Yggdrasil is the great tree that sits at the centre of the Norse universe. its given etymology is Yggr (terror) a name for Odin/Woden and Drasil (steed). Taken literally we end up with it meaning Wodens Steed. This meaning evokes us to see the tree as a vessel for Wodens movements, something by which he travels the nine worlds. On a certain level this makes sense, but only on a very shallow level. For many reasons I struggle with this etymology and the given meaning, so below I will attempt to give alternatives/hidden options.
When breaking words down there are always many options, but here I will stick with two alternatives that I believe are both valid. first though we must break the word down, to Ygg-Dra-sil.
Now you may be thinking because this is a word still used today that it is invalid, but it is an old word and has the exact same spelling in Old Norse. You may also say well in Icelandic the G is pronounced K well this is also true, but if the double gg can be a K in egg why not Ygg or vice versa?. As for the vowel swap that is common occurrence and can be as simple as local dialect influence. Remember also that the spelling hides many words and as such is not meant to be exactly accurate. Also in Old English it is a homonym for Eye.
Now this is a proto Indo-European word, but we must consider not only the word but the age of the idea. From this root we get some interesting words. Yewg means to bind, unite, from it we get words like Yoke, something that is attached to animals (poetically linked to Burden). Also words like Yoga, unification of mind and body and yuga as in Kali Yuga meaning Age. Another note to add is its is essentially a homonym of an egg yolk via the word Yoke.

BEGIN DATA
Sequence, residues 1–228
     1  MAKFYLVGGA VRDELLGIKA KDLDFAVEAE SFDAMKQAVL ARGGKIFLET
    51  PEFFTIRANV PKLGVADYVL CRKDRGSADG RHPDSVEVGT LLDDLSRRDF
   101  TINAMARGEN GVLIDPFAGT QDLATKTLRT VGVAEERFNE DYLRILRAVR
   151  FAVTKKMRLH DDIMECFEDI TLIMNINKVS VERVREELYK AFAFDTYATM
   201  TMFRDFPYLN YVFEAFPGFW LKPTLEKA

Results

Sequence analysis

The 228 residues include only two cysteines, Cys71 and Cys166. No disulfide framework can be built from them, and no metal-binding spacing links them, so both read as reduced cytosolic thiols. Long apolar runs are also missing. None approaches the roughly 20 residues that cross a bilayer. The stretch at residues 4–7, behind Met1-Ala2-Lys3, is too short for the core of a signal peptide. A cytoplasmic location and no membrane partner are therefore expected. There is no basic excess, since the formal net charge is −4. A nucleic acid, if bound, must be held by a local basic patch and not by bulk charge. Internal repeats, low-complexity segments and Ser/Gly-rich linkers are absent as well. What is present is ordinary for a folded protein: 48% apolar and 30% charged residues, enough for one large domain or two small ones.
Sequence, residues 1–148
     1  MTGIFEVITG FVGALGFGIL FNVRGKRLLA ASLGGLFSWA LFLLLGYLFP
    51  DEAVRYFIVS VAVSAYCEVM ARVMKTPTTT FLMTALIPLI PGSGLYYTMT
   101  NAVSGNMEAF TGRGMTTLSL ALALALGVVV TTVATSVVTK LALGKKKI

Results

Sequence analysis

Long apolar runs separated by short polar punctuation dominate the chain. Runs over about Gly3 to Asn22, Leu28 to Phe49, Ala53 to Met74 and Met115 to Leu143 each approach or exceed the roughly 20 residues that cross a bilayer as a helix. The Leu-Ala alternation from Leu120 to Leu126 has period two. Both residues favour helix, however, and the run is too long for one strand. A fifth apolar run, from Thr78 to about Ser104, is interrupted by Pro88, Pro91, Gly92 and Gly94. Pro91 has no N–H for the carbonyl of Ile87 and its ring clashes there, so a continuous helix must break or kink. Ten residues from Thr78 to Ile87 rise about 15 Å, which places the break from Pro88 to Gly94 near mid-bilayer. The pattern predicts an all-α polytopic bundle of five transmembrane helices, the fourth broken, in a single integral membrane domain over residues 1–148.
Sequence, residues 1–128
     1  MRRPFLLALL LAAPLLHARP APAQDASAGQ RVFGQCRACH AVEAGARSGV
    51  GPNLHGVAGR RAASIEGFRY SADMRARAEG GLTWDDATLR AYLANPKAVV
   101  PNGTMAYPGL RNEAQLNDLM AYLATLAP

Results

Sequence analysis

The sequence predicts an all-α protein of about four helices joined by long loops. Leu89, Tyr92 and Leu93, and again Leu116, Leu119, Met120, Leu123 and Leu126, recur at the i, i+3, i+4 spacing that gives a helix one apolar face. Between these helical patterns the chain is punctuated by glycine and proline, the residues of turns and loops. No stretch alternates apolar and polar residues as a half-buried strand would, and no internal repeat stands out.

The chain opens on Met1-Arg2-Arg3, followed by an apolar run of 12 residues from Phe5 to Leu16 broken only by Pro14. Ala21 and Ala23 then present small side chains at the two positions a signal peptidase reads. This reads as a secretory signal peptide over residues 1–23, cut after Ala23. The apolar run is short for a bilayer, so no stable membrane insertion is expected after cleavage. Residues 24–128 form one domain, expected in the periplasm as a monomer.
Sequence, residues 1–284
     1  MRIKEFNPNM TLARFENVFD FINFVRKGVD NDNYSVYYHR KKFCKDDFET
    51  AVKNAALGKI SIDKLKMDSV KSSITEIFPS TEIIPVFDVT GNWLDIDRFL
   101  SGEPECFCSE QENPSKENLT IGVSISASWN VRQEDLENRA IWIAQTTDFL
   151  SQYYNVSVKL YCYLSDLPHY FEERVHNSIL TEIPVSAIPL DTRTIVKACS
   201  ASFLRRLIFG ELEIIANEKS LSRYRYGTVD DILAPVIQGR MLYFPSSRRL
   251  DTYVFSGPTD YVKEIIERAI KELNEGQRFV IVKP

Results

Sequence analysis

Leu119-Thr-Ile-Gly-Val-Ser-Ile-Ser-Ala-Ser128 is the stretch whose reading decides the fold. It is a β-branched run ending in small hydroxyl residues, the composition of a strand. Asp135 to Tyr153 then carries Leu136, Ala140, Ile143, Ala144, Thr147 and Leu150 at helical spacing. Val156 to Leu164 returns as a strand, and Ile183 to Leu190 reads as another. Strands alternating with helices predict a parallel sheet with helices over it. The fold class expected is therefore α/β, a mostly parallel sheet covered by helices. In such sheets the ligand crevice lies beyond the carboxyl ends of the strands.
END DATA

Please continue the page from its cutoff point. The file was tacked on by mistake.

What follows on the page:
Draga is Old Norse for draw,drag and pull (carry), it has the shorter form dra (see Swedes ect) and in its Proto Germanic form its longer form is DragaN. It is related to the movement of a substance, but as you can see in its older forms becomes a homonym for Dragon.
Síl Old Norse for certain fish, mainly herring and in general fish young “fry”. We get words like old Welsh sil meaning small fish, all via the Proto-Germanic Síla. Interestingly we have an old Irish word Sil, from the Proto-Celtic Silom meaning seed, origin, semen and race (dependence).
Syll is an Icelandic word that in its current meaning means sleeper (railroad), but comes to us via the Proto-Germanic Sula, itself via the Proto Indo-European Sel both meaning bar or threshold, for instance the modern word windowsill.
Now we must add them back together to make sense of them. In the first meaning I will give it relates to Egg-dra-sil (above). This gives us a rather basic interpretation of conception (conceiving a child) we have the egg drawing the seed (which looks like small fry/fish young) . In a more general sense we have simply the conceiving (birth) of an idea, plan ect. Here Yggdrasil takes on a continual birthing process, a constant fertilisation.
When Woden/Odin hung himself from a tree for nine days ( 9 months?) he says, “Then I was fertilised and grew wise”. This helps us see the the tree in the sense of conception, Woden was born again and was given the runes.
The second meaning here, which I believe is related, would be via Yewg/yoke-dra-syll. This gives us “the yoke is dragging the threshold”. Added to this are the fact that yewg also gives yuga (age) we have “The drawing of the threshold of the age”. Again this gives us the idea of conception, this time though of an era,age or time. A constant pushing of the boundary of time, which is a good description of the present.
If we wished we could also mix it up a little and have the Yewg/yuga-dra-sil. Which gives us “the seed is drawing the age” or reverse it and use the homonym yolk-dra-syll, giving us “the yolk(egg) is at the threshold”.
I have grouped these two meanings together, because in a reduced sense they both give us conception, or a perpetual birthing. The birth appears to be within Yggdrasil, a sense it is in a constant motion of becoming, a perpetual conception. This is related to the Germanic concepts of time, we have no future tense in the Germanic languages, only present and past, the now being the constant conceiving, always striving. Yggdrasil via these ideas comes to literally mean the present, the now.